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Leader welcomes Urban Tree Challenge

Coalville primary creates 'Forest School' environment

Group of people at urban tree challenge

Leicestershire County Council leader Nick Rushton joined in with pupils of the ‘Forest School’ at Warren Hills Primary school in Coalville today, at the national launch of the government’s Urban Tree Challenge.

The ‘Forest School’ initiative at the school encourages learning in a natural setting and is an innovative way of getting outside and close to nature.

The Urban Tree Challenge announced by the Department for Environment, Food & Rural Affairs (Defra) is a £10million plan which will see more than 130,000 trees planted across England’s towns, cities and counties, including Leicestershire.

Forestry Minister David Rutley MP was also at Coalville for the launch as well as representatives from the Forestry Commission and the National Forest Company.

Through the Urban Tree Challenge Fund, grants will be made available over the next two years to green urban areas and help meet the government’s target to plant one million urban trees by 2022.

The scheme, which will be administered by the Forestry Commission, will be open to individuals, local authorities and charities. 

As a local authority, we must take the lead in building on global and national commitments and work collaboratively with colleagues, local communities and partners. We very much welcome the announcement of the Urban Tree Challenge. 

The scheme can only further enhance the National Forest, which is one of the jewels in Leicestershire’s crown. We’re very committed to meeting the challenges of the environment.

Only last week, we set out our stance to become carbon-neutral by 2030 as well as declaring a climate emergency. Balancing budget pressures with green policies won’t be easy, but we have already made big changes.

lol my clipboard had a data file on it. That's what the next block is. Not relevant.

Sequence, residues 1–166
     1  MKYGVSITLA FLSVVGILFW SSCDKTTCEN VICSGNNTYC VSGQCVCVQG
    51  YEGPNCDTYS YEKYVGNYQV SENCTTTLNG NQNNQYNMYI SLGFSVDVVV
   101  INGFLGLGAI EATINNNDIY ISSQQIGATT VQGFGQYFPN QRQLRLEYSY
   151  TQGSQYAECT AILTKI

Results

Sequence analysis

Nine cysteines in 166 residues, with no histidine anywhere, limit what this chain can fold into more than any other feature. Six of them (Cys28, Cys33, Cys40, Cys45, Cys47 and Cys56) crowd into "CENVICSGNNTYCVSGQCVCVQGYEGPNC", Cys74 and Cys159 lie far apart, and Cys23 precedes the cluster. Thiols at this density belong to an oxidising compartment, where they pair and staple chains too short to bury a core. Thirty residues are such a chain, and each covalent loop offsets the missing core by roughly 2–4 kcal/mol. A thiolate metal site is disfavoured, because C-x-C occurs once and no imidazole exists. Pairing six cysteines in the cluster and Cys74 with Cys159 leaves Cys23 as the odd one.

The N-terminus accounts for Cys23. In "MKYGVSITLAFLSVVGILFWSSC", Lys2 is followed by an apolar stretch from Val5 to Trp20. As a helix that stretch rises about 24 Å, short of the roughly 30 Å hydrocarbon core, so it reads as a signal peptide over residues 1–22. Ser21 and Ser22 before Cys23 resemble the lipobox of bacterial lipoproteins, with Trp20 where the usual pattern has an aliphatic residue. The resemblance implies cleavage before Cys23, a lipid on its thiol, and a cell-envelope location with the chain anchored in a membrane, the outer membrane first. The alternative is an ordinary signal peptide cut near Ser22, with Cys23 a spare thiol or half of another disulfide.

We’ve also had a free tree scheme in place for many years and we’ve supplied more than 1,000 trees for farmers and landowners to plant on sites throughout the county.

The scheme will support projects which can provide the greatest environmental and social benefits, and applications will be processed by the Forestry Commission. A map will be available to check eligibility before applying.

Forestry Commission Chair Sir Harry Studholme said: “I am delighted the Forestry Commission have been asked to deliver the Urban Tree Challenge Fund. The fund is an important part of the work that the Forestry Commission is doing to expand England’s tree and woodland cover.

"It allows us to plant more trees much closer to where people live and work, and where the many benefits of trees make the most difference. We look forward to lots of new planting happening this autumn.”

The launch of the fund forms part of the government’s year of green action, a year-long drive to help people to connect with, protect and enhance nature. This commitment forms part of the government’s 25-year environment plan to instill a legacy for the future, with a focus on children and young people.

Earlier this year the government consulted on a raft of forestry measures which included proposals to ensure communities have their say on whether street trees should be felled, with legislation to be brought forward later this year.


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